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line cell phones pixelfrom Google, with Android 13 installed will support the exFAT format, which allows opening files larger than 4 GB on internal and external storage, such as USB sticks. The novelty — which is already available on the Pixel 6 Pro — should reach other smartphone models made by the search giant soon.
Mishaal Rahmanblog technical editor waitdiscovered that the Pixel 6 Pro received support for the Extensible File Allocation Table (exFAT) format, after being updated from Android 12L to Android 13 Beta. In tests, he plugged a newly formatted exFAT USB stick into Google’s phone, but was only able to access the data on the removable disk after installing the update.
romance, however, found no significant changes in the system that ensured support for the exFAT format. In a publication in waithe explained that Android 13 Beta was based on the same version of the Linux kernel as Android 12L (5.10) — which theoretically accepts exFAT formatting.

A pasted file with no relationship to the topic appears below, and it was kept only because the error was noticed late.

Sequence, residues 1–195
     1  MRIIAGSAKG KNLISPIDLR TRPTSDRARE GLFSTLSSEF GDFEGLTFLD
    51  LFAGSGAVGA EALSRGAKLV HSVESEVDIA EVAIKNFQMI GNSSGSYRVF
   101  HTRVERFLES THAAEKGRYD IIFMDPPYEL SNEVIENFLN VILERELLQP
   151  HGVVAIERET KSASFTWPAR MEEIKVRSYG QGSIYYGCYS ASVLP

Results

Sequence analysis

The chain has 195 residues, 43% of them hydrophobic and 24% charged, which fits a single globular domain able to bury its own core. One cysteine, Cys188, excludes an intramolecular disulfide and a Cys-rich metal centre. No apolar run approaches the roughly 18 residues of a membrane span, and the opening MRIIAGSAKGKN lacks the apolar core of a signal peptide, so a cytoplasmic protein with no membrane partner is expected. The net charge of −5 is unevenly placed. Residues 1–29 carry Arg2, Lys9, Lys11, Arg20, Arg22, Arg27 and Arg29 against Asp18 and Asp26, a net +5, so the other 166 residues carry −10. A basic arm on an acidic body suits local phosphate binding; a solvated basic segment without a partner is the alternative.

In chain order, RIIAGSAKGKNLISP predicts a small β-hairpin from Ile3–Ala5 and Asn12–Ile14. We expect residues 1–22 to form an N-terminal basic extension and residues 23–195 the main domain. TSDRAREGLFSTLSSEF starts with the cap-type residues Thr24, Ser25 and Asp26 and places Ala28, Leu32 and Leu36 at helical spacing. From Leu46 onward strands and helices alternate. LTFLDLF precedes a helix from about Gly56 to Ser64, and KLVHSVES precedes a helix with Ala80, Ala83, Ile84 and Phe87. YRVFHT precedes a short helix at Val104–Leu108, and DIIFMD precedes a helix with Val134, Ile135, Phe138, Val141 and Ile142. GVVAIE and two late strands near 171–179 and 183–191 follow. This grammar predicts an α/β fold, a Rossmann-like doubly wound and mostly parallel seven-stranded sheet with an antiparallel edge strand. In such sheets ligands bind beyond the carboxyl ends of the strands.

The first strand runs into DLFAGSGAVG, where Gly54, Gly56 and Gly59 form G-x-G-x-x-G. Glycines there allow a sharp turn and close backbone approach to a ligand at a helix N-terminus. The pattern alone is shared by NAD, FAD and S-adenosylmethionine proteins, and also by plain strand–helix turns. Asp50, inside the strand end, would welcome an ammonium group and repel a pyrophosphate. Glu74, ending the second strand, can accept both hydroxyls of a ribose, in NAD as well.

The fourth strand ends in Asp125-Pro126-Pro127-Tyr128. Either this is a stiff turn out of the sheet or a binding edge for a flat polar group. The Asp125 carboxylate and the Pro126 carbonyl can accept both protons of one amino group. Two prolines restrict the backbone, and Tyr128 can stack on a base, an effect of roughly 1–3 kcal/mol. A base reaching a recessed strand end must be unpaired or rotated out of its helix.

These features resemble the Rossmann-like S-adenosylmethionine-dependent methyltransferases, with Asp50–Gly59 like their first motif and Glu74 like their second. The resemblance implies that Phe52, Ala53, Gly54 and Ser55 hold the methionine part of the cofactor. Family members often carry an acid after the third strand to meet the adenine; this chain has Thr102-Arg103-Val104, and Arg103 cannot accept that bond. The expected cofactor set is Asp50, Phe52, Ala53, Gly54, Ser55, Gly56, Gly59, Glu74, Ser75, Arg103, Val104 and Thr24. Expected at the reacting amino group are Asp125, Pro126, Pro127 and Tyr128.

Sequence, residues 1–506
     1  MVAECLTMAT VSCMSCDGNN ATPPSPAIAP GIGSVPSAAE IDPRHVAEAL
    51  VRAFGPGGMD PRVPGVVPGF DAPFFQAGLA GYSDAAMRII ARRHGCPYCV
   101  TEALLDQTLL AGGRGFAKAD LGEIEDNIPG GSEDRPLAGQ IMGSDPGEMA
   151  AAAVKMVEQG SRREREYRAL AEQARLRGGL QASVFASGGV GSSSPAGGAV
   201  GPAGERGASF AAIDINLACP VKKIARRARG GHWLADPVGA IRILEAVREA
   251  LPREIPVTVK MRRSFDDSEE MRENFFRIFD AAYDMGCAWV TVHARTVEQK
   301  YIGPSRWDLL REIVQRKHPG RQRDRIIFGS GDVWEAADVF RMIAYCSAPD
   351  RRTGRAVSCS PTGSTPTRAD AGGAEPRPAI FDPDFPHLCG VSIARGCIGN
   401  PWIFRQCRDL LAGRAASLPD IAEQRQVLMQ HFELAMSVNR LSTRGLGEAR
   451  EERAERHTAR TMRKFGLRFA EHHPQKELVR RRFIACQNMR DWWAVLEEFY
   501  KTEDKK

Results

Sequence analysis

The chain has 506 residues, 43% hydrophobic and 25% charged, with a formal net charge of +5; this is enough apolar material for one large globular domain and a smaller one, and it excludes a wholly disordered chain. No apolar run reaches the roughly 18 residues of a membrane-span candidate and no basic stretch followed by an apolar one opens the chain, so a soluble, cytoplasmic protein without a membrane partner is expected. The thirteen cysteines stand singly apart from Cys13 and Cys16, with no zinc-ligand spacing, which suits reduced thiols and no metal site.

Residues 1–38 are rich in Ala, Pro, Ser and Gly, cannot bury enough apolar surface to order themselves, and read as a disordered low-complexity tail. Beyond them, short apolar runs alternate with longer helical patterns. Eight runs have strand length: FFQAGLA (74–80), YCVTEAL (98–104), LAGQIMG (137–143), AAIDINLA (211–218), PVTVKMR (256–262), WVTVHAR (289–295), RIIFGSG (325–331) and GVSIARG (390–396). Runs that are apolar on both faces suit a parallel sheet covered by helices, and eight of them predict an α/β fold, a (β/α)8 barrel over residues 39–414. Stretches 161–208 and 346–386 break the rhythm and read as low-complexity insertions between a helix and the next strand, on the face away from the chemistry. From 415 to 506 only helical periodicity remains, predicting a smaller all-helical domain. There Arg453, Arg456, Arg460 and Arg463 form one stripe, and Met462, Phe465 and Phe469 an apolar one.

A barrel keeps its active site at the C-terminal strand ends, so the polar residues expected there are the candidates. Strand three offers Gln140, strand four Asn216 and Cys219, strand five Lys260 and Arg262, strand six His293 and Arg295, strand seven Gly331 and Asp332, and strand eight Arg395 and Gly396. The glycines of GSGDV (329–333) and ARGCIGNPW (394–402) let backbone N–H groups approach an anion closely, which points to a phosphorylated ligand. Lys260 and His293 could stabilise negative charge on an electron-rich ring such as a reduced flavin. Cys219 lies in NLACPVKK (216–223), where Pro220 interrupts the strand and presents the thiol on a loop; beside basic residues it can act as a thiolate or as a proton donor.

In other words, exFAT support could exist since Android 12. However, for some unknown reason, Google decided to release the feature only on the new operating system.
exFAT support already exists on some Android phones
Created in 2006 by Microsoft to replace the FAT32 format, exFAT is capable of storing files up to 16 exabytes. In comparison, the previous standard was limited to just 4GB. Since its launch, millions of storage devices have joined the system, including USB sticks and SD cards.
Even, with the exception of Google, some Android phone manufacturers, such as Samsung, already adopted the exFAT format on your devices for years. This was only possible because companies paid Microsoft a license to implement the necessary drivers on their devices. In 2019, exFAT became free.
With the arrival of exFAT on Android 13, any cell phone manufacturer that uses the Google operating system will be able to adopt the standard on their devices. Thus, smartphones will be able to open files larger than 4 GB stored on USB sticks or SD cards without any problems.
With information: Android Police.